In this mode you can start editing and adding page blocks, you will see an overview similar to the following

  1. At the top of every page is the global header page block. You can see that when a page block has been customised you get 3 actions, "edit blocks", "add block" and "reset slot"
  2. When a slot has not been customised it will appear grey, with a customise button. When you click on it you will see 2 options (Customise only on this page, customise for all types in this context). The first is the most common, the second is not yet properly documented. But you could use this second option to customise ALL canvas pages inside of a project for example.
  3. Once you hit customise, the view will change to this. This is the view after clicking "edit blocks". You will see that the list of page blocks are below, with handles on the left for resizing, the label of the block and a X to remove the block. If the page block has an editor then a small "edit" button will also be visible.

When you click on Add block a popup will appear with all the available blocks that match the context you are on. You will also see the blocks at the top that are defaults to the page.

If you add a page block to Madoc, this is where it will appear. When you choose a block with an editor property, it will show you the form when you add, alongside a preview of what the block will look like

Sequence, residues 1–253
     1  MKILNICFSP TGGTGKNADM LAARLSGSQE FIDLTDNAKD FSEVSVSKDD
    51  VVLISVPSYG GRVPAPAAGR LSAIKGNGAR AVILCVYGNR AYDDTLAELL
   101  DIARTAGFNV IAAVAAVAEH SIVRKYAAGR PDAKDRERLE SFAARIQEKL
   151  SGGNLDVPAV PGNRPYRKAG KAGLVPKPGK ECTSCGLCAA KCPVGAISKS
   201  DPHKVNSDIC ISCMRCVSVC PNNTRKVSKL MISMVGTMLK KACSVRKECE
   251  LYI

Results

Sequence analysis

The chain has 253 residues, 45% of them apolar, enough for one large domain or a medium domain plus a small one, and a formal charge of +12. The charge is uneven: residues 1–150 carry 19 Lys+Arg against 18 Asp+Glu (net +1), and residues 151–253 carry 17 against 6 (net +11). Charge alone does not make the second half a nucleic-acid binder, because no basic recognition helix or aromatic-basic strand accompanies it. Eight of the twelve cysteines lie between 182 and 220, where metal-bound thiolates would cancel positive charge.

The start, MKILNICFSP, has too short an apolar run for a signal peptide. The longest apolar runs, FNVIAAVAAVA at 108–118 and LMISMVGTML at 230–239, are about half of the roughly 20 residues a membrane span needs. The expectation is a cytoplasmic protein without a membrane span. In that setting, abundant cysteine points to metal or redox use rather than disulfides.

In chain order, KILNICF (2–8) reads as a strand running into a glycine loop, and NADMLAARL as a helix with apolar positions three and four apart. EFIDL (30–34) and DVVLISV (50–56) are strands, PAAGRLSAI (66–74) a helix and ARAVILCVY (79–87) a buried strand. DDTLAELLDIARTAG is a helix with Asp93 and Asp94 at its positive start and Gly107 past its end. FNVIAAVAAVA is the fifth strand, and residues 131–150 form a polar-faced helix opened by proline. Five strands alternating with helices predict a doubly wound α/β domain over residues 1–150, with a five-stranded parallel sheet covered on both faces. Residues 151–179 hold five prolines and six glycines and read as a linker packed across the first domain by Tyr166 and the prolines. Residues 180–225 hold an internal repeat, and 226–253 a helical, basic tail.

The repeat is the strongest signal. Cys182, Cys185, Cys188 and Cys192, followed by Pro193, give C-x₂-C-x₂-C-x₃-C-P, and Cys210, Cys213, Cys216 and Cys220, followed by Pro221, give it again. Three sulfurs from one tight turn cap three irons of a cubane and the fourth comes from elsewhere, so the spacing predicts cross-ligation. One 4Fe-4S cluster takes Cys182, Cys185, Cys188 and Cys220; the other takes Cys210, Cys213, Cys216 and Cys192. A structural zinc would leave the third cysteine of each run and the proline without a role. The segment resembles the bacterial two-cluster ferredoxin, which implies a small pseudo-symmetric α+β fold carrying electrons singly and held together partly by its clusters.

Once saved, the page block will be added into the slot along side the rest, with the "Edit" button.

Creating a custom block

When you create a page block that is used on an existing page, it will be "auto-loaded" into the listing pages. However, if a page block is optionally and only accessible in the page block interface the component has to be registered. This section will step through the process from start to finish.

To start, we will simply create a "hello world" component.

export function HelloWorld(props) {
  return <div>Hello { || 'world'}!</div>;

This has a single prop that is optional name that we can let the user customise. Let's add the page block decorator in the same file, under our component.

blockEditorFor(HelloWorld, {
  type: 'hello-world',
  label: 'Hello world',
  editor: {},

This is the minimum required, but let's add an editor the name property, and add a default. The complete file looks like:

export function HelloWorld(props) {
  return <div>Hello { || 'world'}!</div>;
blockEditorFor(HelloWorld, {
  type: 'hello-world',
  label: 'Hello world',
  defaultProps: {
    name: 'World', // This will pre-populate the form
  editor: {
    name: { label: 'Enter a name', type: 'text-field'},

With that addition, our page block is complete. Forms can be much more complex, and there are other options that are available to map forms to more complex components:

  • mapToProps - takes the JSON from the form and maps to component props
  • mapFromProps - takes the props and maps to the form structure
  • svgIcon - Function returning a JSX svg icon, used to display
  • customEditor - Custom react component to replace the whole editor UI

Now we need to register our component.


This may change in the future!

In the following file:


We need to add an extra definition:

export const defaultPageBlockDefinitions: PageBlockDefinition<any, any, any, any>[] = [
  // ...
  (HelloWorld as any)[Symbol.for('slot-model')] as any,

This will ensure that the block is registered and bundled correctly. Now we should be able to go to any page on Madoc and add our block to the page.

And when we add / edit it, we will see our form

And on the page when we hit save, along-side an the edit button to take you back to the form.

And finally on our page!